Monthly Archives: May 2009

How we compare?

The IIA have released the latest State-of-the-net in Ireland report. Some things I found interesting –

A list of what-do-people do on the internet reveals that searching for travel information is still the number one activity. Most standard activities are on the rise, with notable increases in social networking, Government services information and current affairs. The only decrease is in “school / college research”.  Is this a good thing – are students finally getting the message that there are many internet sources that are simply not “formal academic peer-reviewed sources”? Alternatively, is the power and quality resources of the internet increasingly not being availed of?

Regarding internet purchases there is a similar note of curiosity. When all purchases are aggregated we are above the EU average. 36% of Irish people have made internet purchases, compared with 32% of Europeans.  However, in the specific category of “books, magazines and e-learning 12% of Europeans have purchased, compared to only 7% of Irish. Is this a cultural or language difference, or does it say something about our literary tastes and / or activities in Ireland?  Our travel / holiday purchases push account for a significant proportion of our online purchasing.

We’re still lagging behind the EU average for broadband connectivity but the gap has noticeably narrowed.

What’s the bottom line – much done, much left to do?

Advertisements

Quality control, here and there

The latest UK QAA report on “concerns about academic quality and standards in higher education in England” has asked and attempted to answer the following question types (apologies if my paraphrasing has distorted anything) –

  • Are there enough student-staff contact hours to enable students to reach graduate standards of achievement?
  • Do low rates of contact with staff represents poor ‘value for money’ in a fee-paying environment?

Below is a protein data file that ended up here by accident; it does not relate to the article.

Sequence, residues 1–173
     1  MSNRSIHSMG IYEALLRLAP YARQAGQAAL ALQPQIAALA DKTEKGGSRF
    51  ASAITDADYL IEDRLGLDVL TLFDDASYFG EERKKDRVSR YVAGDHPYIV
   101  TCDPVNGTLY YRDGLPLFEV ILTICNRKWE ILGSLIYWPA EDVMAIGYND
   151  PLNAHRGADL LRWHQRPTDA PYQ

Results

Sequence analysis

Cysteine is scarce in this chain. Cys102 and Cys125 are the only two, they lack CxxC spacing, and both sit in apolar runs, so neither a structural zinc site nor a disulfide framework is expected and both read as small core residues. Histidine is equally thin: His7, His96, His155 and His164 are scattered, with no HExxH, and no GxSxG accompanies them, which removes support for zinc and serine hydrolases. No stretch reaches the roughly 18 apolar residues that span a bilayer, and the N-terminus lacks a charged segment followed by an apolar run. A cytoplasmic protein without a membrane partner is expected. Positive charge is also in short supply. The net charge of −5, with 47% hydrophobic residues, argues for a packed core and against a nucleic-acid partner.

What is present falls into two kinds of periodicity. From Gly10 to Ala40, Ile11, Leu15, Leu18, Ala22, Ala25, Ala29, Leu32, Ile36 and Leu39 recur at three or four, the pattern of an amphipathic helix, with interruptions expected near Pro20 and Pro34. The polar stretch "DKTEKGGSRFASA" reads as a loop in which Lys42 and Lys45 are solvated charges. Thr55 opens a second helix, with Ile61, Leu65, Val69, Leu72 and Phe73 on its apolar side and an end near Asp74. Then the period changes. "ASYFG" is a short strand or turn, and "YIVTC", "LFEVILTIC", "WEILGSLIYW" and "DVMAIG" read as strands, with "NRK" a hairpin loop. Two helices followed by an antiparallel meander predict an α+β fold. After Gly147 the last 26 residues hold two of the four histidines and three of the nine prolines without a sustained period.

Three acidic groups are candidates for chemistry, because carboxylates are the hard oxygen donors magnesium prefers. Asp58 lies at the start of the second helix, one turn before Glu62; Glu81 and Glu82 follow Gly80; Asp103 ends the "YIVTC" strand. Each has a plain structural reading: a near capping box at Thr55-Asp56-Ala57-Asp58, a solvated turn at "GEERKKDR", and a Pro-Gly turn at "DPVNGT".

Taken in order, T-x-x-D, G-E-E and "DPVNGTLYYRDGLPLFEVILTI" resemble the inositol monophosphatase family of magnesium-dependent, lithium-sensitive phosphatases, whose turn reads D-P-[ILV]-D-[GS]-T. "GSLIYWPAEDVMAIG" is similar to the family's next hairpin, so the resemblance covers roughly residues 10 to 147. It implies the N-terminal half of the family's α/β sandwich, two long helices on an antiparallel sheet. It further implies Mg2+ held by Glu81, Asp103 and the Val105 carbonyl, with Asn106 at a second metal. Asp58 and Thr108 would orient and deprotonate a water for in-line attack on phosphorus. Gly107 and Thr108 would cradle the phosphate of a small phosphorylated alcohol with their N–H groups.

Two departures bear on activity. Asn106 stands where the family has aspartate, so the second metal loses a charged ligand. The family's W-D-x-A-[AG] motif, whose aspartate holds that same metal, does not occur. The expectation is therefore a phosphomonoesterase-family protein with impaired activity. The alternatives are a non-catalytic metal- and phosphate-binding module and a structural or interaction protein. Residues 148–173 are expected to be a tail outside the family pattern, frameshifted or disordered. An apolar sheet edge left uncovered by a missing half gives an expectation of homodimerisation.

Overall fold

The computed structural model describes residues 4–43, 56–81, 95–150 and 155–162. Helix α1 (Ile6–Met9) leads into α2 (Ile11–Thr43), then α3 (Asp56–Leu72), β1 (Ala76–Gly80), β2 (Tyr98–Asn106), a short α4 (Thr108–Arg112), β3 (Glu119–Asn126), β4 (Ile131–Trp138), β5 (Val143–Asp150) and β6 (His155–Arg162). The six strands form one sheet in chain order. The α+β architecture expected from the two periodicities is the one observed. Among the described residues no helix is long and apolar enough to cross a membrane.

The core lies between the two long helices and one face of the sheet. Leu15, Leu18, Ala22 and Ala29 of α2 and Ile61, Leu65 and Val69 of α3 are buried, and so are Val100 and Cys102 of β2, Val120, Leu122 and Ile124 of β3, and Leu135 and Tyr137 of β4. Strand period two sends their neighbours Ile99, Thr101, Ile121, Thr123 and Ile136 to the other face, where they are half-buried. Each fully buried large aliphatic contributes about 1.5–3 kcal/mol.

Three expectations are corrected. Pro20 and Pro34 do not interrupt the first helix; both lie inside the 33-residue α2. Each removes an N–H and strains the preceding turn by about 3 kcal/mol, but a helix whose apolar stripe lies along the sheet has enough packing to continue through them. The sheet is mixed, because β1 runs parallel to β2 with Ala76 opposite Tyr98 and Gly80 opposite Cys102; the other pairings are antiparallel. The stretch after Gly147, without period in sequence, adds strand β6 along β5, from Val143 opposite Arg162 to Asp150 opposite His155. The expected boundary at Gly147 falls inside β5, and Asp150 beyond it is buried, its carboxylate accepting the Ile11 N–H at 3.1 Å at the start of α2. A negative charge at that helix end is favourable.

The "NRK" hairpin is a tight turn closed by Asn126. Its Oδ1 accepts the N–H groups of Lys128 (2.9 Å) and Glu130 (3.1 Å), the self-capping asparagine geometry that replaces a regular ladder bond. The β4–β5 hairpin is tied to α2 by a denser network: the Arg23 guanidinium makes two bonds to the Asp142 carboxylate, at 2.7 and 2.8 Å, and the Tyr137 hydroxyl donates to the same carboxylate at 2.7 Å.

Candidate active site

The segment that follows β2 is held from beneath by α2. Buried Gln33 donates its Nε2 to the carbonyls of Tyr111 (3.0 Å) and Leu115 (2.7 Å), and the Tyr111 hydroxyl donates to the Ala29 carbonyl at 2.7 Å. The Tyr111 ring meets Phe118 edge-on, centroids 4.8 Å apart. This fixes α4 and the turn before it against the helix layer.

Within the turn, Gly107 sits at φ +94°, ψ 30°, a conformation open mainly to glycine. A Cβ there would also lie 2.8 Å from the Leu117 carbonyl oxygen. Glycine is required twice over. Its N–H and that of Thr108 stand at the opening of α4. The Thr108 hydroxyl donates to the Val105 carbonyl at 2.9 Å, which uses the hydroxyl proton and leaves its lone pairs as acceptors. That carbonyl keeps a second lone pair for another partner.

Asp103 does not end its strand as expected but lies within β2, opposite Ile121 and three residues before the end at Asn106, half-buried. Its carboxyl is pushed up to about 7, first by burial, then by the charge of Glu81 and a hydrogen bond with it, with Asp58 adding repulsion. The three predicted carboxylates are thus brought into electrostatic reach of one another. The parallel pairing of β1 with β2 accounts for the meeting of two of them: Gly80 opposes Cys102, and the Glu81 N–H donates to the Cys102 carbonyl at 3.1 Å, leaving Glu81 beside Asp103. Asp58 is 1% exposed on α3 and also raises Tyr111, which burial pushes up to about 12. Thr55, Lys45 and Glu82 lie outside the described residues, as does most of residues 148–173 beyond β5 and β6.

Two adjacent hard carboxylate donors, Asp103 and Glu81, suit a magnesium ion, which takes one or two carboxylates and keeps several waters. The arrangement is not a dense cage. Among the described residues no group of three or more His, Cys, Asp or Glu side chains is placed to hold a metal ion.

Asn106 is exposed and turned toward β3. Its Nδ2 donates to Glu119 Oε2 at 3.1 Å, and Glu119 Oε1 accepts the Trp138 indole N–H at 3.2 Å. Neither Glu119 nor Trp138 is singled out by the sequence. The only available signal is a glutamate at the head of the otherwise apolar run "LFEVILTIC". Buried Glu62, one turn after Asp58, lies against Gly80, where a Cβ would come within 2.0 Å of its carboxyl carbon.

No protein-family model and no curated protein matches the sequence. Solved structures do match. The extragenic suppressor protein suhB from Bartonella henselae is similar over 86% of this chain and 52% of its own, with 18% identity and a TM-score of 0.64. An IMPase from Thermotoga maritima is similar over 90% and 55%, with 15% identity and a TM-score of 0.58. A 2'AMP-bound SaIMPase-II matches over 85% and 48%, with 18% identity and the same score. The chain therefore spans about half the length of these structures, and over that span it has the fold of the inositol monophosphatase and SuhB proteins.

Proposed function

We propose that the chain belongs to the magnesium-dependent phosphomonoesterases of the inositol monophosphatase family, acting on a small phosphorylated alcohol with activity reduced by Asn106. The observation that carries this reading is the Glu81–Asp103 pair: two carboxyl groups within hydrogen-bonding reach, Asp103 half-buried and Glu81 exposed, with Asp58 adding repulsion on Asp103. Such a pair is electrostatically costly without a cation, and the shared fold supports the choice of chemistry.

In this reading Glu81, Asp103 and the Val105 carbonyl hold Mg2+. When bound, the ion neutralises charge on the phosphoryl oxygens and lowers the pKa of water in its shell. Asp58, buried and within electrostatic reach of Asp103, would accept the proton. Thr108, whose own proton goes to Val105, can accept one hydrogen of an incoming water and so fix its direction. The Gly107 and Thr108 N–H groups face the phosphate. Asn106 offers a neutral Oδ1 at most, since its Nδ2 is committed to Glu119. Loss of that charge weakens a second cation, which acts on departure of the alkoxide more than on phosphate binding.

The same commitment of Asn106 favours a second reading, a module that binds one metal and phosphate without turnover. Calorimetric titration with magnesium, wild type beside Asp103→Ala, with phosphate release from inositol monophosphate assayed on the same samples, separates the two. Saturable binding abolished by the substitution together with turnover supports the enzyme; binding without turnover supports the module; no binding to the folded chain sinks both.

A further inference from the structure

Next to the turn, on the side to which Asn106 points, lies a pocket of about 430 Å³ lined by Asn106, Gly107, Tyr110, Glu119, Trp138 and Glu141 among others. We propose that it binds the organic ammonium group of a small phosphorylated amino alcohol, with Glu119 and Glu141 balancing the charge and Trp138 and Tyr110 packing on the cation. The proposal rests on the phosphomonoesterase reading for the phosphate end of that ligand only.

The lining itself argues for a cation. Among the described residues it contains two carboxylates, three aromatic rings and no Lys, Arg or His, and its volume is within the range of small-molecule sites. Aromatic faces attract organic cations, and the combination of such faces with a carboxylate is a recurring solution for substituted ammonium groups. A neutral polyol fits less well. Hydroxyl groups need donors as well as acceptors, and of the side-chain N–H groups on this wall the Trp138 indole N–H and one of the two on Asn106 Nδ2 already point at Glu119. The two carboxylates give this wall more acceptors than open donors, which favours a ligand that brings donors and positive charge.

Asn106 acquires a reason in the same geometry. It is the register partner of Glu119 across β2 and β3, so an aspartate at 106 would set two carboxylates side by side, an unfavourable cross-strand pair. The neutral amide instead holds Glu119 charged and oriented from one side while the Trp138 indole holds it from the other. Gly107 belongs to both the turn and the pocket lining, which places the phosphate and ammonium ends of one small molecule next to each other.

• Is there an admissions problem of students with insufficient English language skills, the result of which is all students (not just the linguistically challenged) have an impoverished learning experience?
  • Are there sufficient ongoing availability and/or effective support mechanisms in place to deal with deficient language skills?
  • Are international students and their advisers sufficiently knowledgeable about higher education teaching, learning and assessment practices in the UK? Do they know what to expect when they arrive here?
  • Are the intentions, operations and role of external examiners clear?
  • Are the inputs, reports, and recommendations of external examiners appreciated by the institutions they are externing? If not, why not? What does this imply about the concept of external examiners?
  • To what extent is there variation in the way that institutional assessment regulations are applied by individual schools or departments (with potential impacts on parity and fairness)?
  • Is the degree classification system applied consistently across different departments, schools and institutions?
  • What do the terms “academic quality” and “academic standards” actually mean?
  • Do those inside educational institutions and those outside of them (e.g. the media) have the same understanding of subject benchmark statements and other reference tools used by institutions in setting and maintaining academic standards and academic quality

To what extent should the same questions be asked here in Ireland?

What might the answers look like?

Playing with the latest web tool

Wolfram Alpha tell us that their “long-term goal is to make all systematic knowledge immediately computable and accessible to everyone“.  That is quite a claim and is guaranteed to bring experimenters flocking.

I’ve had a look and I must admit that it is particularly good at some knowledge types.

  • A query about the weather in Dublin tells me that it’s 12 degrees, cloudy along with a depth of related information
  • A query to see how much the Euro is worth in other currencies tells me that I should get $1.37 US dollars, 88.06 British pence, and many other currencies besides. It also wonders if its interpretation of Euro is the one I intended. Apparently, a euro is also a marsupial animal
  • A search for Jean Luc Picard, alas, did not return the captain of the Starship Enterprise
  • A search for Rathmines returns one in Australia and not the Dublin suburb
  • A search for the price of fish returns something very strange indeed

At the moment, WA isn’t quite the sophisticated semantic web we’ve been waiting for. But it certainly is a start. It certainly has potential.

It’s biggest plus is the avoidance of individual web pages. It gets straight to the point very quickly avoiding searchs for individual web pages that the user then has to further click on to proceed their search. WA aggregates and computes what the user requires and simply presents it.  It takes the user a step closer to their information requirements.